Win Prizes: Awesome Summer Reading Programs in Atlanta
With all of the programs and incentives in metro Atlanta, reading during the summer can be fun. In fact, kids can meet goals that will earn prizes. Need book ideas? See what made the cut for our favorite books. Here are some activity books we love. Also a list of local bookstores to explore their websites this summer.
Atlanta Public Libraries: This year’s summer reading theme is “Tails and Tales,” with programs, classes and events for all ages. Local public libraries provide online resources, and the Georgia Public Library Service is providing online access to Beanstack to all 408 public libraries. With Beanstack, track reading, participate in challenges and engage in literacy activities. Check your local library for virtual programs in June and July.
Barnes & Noble’s Summer Reading Journal: Download and print a free copy of this journal for your kids in grades 1-6. Read any eight books this summer and record them in the journal, along with your favorite part. Take it into your local Barnes & Noble between July 1-Aug. 31 for a free book (the list of options is included in the journal).
Books-A-Million: With reading ambassador Dav Pilkey, read any four books from the Summer Reading Adventure section in-stores and online and record them in the Summer Reading Adventure Log Book to receive a free Dog Man logo baseball cap.
Chuck E Cheese: Get 10 free tokens for reading for two weeks. Be sure to take a look at the other rewards charts to keep your kids on track all summer long. Kids are limited to one chart per child, per day.
Half-Price Books: The “Feed Your Brain Summer Reading Program” is going virtual. Soon, they’ll have reading logs, online storytimes and weekly giveaways. For now, check out book recommendations and free printable coloring sheets.
Little Shop of Stories: With “Greetings from Elsewhere,” escape and go on brand new journeys with books. When you purchase the Summer Reading Package, you’ll receive three books, a bingo challenge sheet and five postcards. After you finish a book, send or drop off the post card, and once you’ve sent all five, you’ll get a bag of goodies, including a free book and a $10 Little Shop gift card. Registration begins at 10 a.m. on June 1.
Mayor’s Summer Reading Club: The program designates a city-wide book choice for infants and for children ages 2-5 to share with families at no cost to them. Throughout the summer, libraries, museums, farmers’ markets and other institutions in Atlanta will hold “book club reads” and enrichment events based on the stories. 2020 book selections include “In the West End” and “Goodnight, Goodnight, Construction Site.”
Pizza Hut BOOKIT! Program: The school program runs October 1 through March 31 each year, but you can do a version at home this summer. Sign up for weekly emails with summer reading activities.
Wrapped Up in Reading: The Carlos Museum’s annual summer reading program encourages children to maintain their reading skills, and the book list allows kids to learn about civilizations from around the world. Children who read five books from the Summer 2020 Book List and email their completed Reading Diary signed by a parent by Sept. 1 will receive prizes. Since the Carlos Museum is closed to the public until further notice due to COVID-19, families may not be able to visit the museum over the summer to pick up their prizes as in the past; instead, prizes will be mailed to you.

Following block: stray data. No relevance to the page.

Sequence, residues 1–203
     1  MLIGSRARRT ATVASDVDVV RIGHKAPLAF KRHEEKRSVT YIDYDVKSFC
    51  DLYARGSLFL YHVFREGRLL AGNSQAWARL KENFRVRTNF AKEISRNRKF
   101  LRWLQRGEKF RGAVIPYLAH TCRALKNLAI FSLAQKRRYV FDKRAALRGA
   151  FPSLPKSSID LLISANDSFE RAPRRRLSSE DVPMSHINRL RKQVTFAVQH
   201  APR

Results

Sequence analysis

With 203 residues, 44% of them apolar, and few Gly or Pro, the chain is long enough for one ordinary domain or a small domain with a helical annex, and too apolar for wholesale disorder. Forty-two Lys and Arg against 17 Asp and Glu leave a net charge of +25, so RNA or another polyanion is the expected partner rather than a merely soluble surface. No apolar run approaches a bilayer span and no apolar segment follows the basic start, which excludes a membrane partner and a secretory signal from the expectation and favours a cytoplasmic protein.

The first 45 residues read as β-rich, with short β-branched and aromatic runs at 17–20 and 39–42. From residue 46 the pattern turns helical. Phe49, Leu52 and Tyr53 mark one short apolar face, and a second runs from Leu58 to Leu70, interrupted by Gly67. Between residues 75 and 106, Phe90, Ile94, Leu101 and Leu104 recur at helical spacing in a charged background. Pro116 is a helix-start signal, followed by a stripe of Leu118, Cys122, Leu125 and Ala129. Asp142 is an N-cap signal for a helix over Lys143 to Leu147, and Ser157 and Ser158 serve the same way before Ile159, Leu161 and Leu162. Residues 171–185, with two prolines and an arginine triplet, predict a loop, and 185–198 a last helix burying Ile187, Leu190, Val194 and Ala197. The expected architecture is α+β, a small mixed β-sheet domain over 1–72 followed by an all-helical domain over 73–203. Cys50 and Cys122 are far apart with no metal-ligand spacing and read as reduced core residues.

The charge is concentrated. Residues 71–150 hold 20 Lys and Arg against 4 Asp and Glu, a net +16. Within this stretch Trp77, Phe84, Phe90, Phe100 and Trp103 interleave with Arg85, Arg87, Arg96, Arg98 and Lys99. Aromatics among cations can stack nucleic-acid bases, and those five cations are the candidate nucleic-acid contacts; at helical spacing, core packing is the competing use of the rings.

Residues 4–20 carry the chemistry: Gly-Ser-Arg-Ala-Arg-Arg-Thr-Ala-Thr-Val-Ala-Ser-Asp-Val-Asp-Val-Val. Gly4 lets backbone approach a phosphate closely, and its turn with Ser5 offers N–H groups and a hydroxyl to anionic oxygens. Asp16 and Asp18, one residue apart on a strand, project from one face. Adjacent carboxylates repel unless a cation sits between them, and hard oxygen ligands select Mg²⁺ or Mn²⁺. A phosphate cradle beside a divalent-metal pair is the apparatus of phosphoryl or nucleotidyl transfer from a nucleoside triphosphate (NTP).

Book Adventure: The online book club allows kids to log-in, choose books and then select prizes after successfully taking quizzes. Parents get a separate log-in for checking on their kids and to help choose books that are age-appropriate.
Junie B. Jones: The Kids’ Club includes a newsletter about new books, fun printables, games and special activities.
Magic Tree House Kids’ Adventure Club: Earn rewards for the pages read of “Magic Tree House” books, take quizzes, collect online passport stamps and more.
Scholastic Summer Read-a-Palooza: Kids can enter their summer reading minutes online until Sept. 4. Kids can build their own avatars, make new friends, earn virtual rewards and unlock donations for kids with limited or no access to books. Start and keep reading streaks by reading every day over the summer.
Tips for Reluctant Readers:
- Don’t get stuck on making your kids read for educational purposes. Incorporate activities that go along with what your children are into. If they’re visiting outer space in a book, make a fun, messy papier-mâché craft of the solar system, or watch a space movie. Camp outside and incorporate stargazing (search online for when planets are visible in the night sky).
- Start early. Read to your children when they are small to promote family time, word recognition and comprehension, and maybe, just maybe, a love of books. Whenever possible, read in such a way that the book scenes and characters come alive. Or try audio books, which usually have a dynamic reader.
- Get books on subjects they’re already into. Does your child love superheroes, princesses, dinosaurs, tea parties or a cartoon character? Use that to help you find books that he or she is more likely to want to read. Take children to the library or bookstore, letting them browse and choose what they would like to have.
- Schedule time around activities to sit down and share a book or read different books, but in the same room. Family-wide quiet time is often a rarity, but it doesn’t have to be if you put it on the calendar. Turn off all electronics and unplug for awhile.
Check back for updated information:
Atlanta Hawks’ Check It Out Reading Challenge: Students in grades K-12 who successfully read at least five books will receive: a Check it Out Reading Challenge bookmark and a free youth ticket with the purchase of at least one adult ticket to a regular season game.